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View Full Version : Question about painting column shifters.....



silverhawk
12-19-2009, 10:32 AM
Hey all,

On my car, the original shift lever had a worn out rubber bushing, so I'm just putting on a good used assembly on for now, and will put the original one on when I wear out my good one. Anyway, no matter what I do, there is a contaminate in the lever, that is making the paint pull away in sploches. I've sanding it, washed it multible times, taken it to bare metal for the most part, washed it with rubbing alcohol, ect. IT IS STILL PULLING AWAY!!!!!:( I'm wondering if something in the manufacturing process has caused this. Anyone else have a problem with this?[?]


Dylan Wills
http://i483.photobucket.com/albums/rr200/1961lark/My%201961%20studebaker%20lark/Watcomcountyminimeet09andJamesBells.jpg
'61 lark deluxe 4 door wagon

mbstude
12-19-2009, 10:52 AM
Did you prime it before painting?

Matthew Burnette
Your Friendly Stude Trim Bender
http://i280.photobucket.com/albums/kk179/1959S2D/th_mouldinnnnn001-1.jpg

silverhawk
12-19-2009, 11:08 AM
The primer pulls away as well. :(

Dylan Wills
http://i483.photobucket.com/albums/rr200/1961lark/My%201961%20studebaker%20lark/Watcomcountyminimeet09andJamesBells.jpg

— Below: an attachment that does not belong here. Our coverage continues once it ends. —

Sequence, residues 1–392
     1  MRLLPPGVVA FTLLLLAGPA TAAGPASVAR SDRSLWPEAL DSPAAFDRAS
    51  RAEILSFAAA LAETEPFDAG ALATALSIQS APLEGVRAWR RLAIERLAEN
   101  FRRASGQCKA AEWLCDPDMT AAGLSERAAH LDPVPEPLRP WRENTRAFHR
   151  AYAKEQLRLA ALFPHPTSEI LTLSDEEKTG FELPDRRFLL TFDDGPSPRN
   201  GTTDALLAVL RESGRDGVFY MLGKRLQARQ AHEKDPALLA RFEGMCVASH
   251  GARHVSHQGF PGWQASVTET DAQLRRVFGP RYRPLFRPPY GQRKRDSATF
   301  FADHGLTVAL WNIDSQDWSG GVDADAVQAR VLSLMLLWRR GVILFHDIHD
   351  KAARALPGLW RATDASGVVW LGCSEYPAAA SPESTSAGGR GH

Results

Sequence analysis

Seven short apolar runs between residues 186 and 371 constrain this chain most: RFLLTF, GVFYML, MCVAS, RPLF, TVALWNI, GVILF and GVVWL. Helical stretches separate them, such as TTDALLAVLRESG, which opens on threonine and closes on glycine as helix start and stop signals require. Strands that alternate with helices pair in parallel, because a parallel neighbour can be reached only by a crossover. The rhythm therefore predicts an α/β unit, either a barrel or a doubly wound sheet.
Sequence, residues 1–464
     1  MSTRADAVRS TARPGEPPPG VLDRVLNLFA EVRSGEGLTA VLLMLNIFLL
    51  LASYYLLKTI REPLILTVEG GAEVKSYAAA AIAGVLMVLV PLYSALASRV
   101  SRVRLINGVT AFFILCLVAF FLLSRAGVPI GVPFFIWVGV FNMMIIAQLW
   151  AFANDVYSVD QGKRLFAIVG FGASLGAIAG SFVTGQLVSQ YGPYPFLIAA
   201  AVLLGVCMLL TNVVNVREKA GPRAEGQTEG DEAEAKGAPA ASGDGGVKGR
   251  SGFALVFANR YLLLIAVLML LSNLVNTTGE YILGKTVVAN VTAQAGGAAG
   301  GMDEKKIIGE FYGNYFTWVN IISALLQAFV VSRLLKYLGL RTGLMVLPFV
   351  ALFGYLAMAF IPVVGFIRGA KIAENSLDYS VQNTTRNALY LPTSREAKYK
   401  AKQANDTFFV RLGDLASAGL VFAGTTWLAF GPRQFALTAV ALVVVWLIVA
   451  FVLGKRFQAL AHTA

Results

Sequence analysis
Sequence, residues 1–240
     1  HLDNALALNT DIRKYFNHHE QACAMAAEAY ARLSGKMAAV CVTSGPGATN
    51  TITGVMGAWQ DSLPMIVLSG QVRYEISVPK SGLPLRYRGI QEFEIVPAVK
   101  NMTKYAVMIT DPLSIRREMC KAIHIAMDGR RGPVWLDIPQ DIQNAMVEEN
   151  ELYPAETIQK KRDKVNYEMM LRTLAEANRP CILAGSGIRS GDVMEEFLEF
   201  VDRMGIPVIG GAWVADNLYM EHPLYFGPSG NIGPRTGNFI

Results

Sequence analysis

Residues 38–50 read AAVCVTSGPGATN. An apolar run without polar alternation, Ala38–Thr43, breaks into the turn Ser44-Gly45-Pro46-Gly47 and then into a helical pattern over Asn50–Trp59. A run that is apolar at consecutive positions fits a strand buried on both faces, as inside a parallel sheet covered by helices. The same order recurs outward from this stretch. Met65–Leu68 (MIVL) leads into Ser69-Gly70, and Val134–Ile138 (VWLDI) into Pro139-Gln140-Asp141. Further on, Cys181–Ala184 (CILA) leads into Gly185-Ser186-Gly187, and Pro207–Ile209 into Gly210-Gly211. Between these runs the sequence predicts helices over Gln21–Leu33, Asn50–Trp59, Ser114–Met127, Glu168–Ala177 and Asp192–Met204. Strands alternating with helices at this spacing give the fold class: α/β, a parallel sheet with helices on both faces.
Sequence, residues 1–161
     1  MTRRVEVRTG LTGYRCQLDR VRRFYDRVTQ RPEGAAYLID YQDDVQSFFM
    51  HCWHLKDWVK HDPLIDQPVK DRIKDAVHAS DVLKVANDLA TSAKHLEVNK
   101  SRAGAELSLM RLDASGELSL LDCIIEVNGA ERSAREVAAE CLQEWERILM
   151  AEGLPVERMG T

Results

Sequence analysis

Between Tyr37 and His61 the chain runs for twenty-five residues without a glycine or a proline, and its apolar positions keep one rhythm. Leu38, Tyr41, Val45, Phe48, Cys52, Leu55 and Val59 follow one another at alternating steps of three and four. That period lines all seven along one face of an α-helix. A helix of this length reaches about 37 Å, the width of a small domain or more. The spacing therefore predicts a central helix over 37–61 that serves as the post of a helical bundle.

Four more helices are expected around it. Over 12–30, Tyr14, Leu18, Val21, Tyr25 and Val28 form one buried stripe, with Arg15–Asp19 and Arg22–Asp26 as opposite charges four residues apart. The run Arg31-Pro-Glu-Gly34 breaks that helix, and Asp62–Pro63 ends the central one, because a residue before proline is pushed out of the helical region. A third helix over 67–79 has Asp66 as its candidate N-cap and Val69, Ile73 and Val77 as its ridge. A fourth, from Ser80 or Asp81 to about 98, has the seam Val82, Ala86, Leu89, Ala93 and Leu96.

'61 lark deluxe 4 door wagon

Da Tinman
12-19-2009, 11:08 AM
I wonder if its got Armor All or other silicon based dash shiner upper stuff on it. If so prepare for a battle, try brake clean it does a better job of getting it off.

Might also try plain old soap and water as something, soda fer instance, won't come clean using solvents.


www.datinmanjay.com

http://s239.photobucket.com/albums/ff198/Da_Tinman/

silverhawk
12-19-2009, 11:11 AM
Ok, I'll try that too. Thanks!

Dylan Wills
http://i483.photobucket.com/albums/rr200/1961lark/My%201961%20studebaker%20lark/Watcomcountyminimeet09andJamesBells.jpg
'61 lark deluxe 4 door wagon

silverhawk
12-19-2009, 11:43 AM
Brought it back to bare metal again, and have washed it as well. At this rate, its tempting to put it in as is, as now it has a antiqued brushed steel apearence. I could also put in a extra chrome on I got, but that would look a little off I think in the car, we'll see how frustrated I get with this job first,LOL!

Dylan Wills
http://i483.photobucket.com/albums/rr200/1961lark/My%201961%20studebaker%20lark/Watcomcountyminimeet09andJamesBells.jpg
'61 lark deluxe 4 door wagon

silverhawk
12-19-2009, 12:07 PM
Geeze, its STILL pulling away in spots! Its not as bad as before, so I'm just going to "dust" it with paint, so its not so glossy, and just put it in. Then, I can look forward all the more to having my original back in, when I got a new bushing.(8 dollar part, just I'm a caso, and had a shifter with a good one on it,LOL!